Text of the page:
Charities sound alarm over rise in homelessness

The government has admitted that a long-term fall in homelessness could be at an end after releasing figures showing that rates had risen in two consecutive quarters for the first time since 2003.

The findings, released today by the Department for Communities and Local Government, have sparked warnings of worse to come from homelessness charities.

Seasonally adjusted figures showed English councils accepted 11,360 homeless households as in priority need in the third quarter fo 2010 (July to September), a 12% rise on the second quarter.

As homelessness acceptances also rose in the second quarter of the year, this is the first time since 2003 that homelessness acceptances have risen in two consecutive quarters.

The DCLG said: “This suggests a turning point has been reached in the long-term downward trend.”

Homelessness charities said they feared these figures would worsen as government cuts, particularly to housing benefit, begin to kick in next year and pointed out that people are already struggling to pay their rent.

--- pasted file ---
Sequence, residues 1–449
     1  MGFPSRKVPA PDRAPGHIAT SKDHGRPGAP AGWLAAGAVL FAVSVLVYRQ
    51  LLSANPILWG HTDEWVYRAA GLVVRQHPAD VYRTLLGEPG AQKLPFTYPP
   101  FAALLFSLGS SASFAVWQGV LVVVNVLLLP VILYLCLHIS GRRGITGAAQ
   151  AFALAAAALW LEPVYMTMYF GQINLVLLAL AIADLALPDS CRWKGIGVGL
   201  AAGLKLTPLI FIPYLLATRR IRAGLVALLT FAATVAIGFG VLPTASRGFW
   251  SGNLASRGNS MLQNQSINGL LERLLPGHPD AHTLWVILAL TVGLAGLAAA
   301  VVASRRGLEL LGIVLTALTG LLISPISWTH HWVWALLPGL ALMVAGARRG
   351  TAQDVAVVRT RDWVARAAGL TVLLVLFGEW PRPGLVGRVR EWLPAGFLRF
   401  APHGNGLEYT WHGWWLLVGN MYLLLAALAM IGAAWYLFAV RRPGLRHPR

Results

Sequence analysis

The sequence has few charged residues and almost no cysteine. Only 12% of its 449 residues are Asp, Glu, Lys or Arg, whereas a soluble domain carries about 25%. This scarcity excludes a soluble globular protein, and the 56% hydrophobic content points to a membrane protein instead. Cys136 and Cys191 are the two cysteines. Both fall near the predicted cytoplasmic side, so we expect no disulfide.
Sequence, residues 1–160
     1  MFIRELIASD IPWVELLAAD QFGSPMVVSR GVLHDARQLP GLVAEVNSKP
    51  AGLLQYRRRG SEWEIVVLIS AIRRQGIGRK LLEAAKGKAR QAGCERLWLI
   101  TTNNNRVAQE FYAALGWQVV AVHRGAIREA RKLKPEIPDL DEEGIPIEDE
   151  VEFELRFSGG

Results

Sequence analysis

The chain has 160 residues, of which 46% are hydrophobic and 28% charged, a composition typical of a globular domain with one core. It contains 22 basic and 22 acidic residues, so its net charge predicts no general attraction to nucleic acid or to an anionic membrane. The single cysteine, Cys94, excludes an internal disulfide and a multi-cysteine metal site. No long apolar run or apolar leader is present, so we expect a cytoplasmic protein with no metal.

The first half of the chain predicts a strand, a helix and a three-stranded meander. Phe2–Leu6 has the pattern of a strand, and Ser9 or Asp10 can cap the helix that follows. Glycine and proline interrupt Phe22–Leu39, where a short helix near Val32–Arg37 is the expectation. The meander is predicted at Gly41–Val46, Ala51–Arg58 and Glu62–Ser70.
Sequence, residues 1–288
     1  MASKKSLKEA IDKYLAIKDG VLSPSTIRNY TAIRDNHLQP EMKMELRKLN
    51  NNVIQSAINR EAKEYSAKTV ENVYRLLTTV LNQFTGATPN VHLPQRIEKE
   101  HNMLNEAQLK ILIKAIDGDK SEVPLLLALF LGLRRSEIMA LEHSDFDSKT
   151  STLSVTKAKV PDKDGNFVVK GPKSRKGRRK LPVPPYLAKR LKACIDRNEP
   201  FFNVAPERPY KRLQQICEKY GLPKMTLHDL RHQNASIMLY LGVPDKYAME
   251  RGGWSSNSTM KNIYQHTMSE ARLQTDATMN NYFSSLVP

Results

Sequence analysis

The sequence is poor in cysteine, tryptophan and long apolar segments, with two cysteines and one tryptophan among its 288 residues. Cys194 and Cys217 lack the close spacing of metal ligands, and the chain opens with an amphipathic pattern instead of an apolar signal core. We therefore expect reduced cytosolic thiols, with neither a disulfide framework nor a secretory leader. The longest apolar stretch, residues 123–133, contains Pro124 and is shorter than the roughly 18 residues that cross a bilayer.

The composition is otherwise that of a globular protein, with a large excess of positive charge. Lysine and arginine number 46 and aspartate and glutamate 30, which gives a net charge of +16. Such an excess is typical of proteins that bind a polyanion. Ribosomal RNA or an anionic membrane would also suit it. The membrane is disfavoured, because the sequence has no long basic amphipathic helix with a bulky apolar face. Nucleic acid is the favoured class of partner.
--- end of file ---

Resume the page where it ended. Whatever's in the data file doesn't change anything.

“These are worrying signs; for the first time for seven years we are seeing a significant increase in the numbers of people becoming homeless and being accepted for help by their local authority,” said Leslie Morphy, chief executive of Crisis.

“Our real worry is that this is just the start of something much bigger,” she added.

“We know from the cases we see every day that just one single thing, like a bout of illness, rent increase or drop in income, is all that’s needed push people into spiral of debt and arrears that can lead to the loss of their home,” said Campbell Robb, chief executive of Shelter.

He attacked government plans to relax homelessness legislation by allowing councils to discharge their duty to those in priority need by arranging for them to be placed in private rented accommodation, without their consent. This would stop people from insisting on being moved into more secure social housing.

“Today’s rise in homelessness, combined with government cuts and the threat of job losses on the horizon, mean that now is the very worst time to be reducing the rights of homeless people,” said Robb.

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